During the third quarter of 2019, management determined that the exclusive domestic wholesale distribution and licensing agreement of the Rock & Republic® brand would not be extended. This was considered a triggering event that required management to perform a quantitative impairment analysis of the Rock & Republic® trademark intangible asset as of August 2019. Based on this analysis, the Company recorded a $32.6 million non-cash impairment charge which was reflected within "non-cash impairment of intangible asset" in the Company's statement of income during the third quarter of 2019. The Company did not incur any impairment charges during 2018.
Management used the income-based relief-from-royalty method to calculate the pre-tax undiscounted future cash flows in estimating the fair value of the Rock & Republic® trademark intangible asset, as described in Note 1 to the Company's financial statements. Key assumptions utilized within the quantitative impairment analysis included (1) long-term growth in revenues resulting from projected expansion across multiple distribution channels, including licensing arrangements within international markets, (2) royalty rates based on historical arrangements as well as known royalty rates of comparable owned and third-party brands and (3) market-based discount rates. It is possible that the Company's conclusions regarding fair value of the Rock & Republic® trademark intangible asset could change in future periods. There can be no assurance that the estimates and assumptions used in the Company's intangible asset impairment testing will prove to be accurate predictions of the future. For example, variations in the Company's assumptions related to discount rates, comparable company market approach inputs, business performance and execution of planned growth strategies could impact future conclusions.
Annual Goodwill and Indefinite-lived Intangible Assets Impairment Analysis — Management performed its annual impairment testing of goodwill and indefinite-lived intangible assets as of the beginning of the fourth quarter of 2019 for all reporting units and indefinite-lived intangible assets. Based on results of the qualitative impairment assessment, further testing was not necessary and no impairment charges of goodwill or indefinite-lived intangible assets were recorded in 2019. Refer to Part II, Item 7 - Critical Accounting Policies and Estimates for additional discussion regarding non-recurring fair value measurements.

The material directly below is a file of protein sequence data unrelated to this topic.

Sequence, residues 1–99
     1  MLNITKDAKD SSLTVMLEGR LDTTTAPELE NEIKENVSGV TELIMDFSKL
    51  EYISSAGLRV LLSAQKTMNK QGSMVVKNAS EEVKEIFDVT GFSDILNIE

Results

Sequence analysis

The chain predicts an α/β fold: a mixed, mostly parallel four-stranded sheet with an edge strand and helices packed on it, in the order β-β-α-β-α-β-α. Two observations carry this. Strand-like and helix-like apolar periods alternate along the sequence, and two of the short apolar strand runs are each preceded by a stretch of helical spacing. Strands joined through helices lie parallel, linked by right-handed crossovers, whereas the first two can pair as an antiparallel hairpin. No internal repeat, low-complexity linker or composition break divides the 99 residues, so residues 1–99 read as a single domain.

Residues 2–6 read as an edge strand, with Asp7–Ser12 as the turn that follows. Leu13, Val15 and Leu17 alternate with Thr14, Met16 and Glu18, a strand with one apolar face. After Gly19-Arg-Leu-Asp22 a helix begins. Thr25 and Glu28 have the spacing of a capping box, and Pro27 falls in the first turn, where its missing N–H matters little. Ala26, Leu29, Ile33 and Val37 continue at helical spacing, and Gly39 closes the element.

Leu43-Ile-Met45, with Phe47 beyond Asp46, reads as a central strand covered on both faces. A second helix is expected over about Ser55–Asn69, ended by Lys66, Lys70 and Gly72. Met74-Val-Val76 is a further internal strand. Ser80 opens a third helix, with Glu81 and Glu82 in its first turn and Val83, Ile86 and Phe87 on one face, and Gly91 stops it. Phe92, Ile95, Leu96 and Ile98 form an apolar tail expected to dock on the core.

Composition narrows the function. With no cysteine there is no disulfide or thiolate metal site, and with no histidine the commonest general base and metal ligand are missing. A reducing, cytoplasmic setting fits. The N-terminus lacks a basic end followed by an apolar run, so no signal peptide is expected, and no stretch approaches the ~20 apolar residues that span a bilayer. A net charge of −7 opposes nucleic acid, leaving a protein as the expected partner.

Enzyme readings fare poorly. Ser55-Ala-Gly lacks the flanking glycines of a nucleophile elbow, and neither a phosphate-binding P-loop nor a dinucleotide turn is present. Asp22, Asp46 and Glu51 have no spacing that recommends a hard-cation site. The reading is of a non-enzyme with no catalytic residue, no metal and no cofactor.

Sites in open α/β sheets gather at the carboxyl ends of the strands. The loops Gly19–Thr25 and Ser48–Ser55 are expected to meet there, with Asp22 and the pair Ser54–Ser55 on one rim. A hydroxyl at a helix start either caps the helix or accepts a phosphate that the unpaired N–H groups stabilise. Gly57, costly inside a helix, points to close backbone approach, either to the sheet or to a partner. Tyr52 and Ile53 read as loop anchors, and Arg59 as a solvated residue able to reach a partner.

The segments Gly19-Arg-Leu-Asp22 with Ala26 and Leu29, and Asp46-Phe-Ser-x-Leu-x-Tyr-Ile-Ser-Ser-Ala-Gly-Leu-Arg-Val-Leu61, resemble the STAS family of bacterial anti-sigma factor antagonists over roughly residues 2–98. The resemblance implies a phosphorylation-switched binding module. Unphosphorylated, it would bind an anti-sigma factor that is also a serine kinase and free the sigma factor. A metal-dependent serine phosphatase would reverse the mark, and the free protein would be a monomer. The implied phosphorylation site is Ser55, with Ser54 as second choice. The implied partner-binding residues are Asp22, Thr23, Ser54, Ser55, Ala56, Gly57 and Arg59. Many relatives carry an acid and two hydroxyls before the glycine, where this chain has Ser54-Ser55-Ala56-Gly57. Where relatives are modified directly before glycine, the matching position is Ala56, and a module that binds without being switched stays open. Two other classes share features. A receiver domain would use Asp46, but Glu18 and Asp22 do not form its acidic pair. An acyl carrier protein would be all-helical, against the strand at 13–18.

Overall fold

The entire disclosure for the fair value of financial instruments (as defined), including financial assets and financial liabilities (collectively, as defined), and the measurements of those instruments as well as disclosures related to the fair value of non-financial assets and liabilities. Such disclosures about the financial instruments, assets, and liabilities would include: (1) the fair value of the required items together with their carrying amounts (as appropriate); (2) for items for which it is not practicable to estimate fair value, disclosure would include: (a) information pertinent to estimating fair value (including, carrying amount, effective interest rate, and maturity, and (b) the reasons why it is not practicable to estimate fair value; (3) significant concentrations of credit risk including: (a) information about the activity, region, or economic characteristics identifying a concentration, (b) the maximum amount of loss the entity is exposed to based on the gross fair value of the related item, (c) policy for requiring collateral or other security and information as to accessing such collateral or security, and (d) the nature and brief description of such collateral or security; (4) quantitative information about market risks and how such risks are managed; (5) for items measured on both a recurring and nonrecurring basis information regarding the inputs used to develop the fair value measurement; and (6) for items presented in the financial statement for which fair value measurement is elected: (a) information necessary to understand the reasons for the election, (b) discussion of the effect of fair value changes on earnings, (c) a description of [similar groups] items for which the election is made and the relation thereof to the balance sheet, the aggregate carrying value of items included in the balance sheet that are not eligible for the election; (7) all other required (as defined) and desired information.
Reference 1: http://fasb.org/us-gaap/role/ref/legacyRef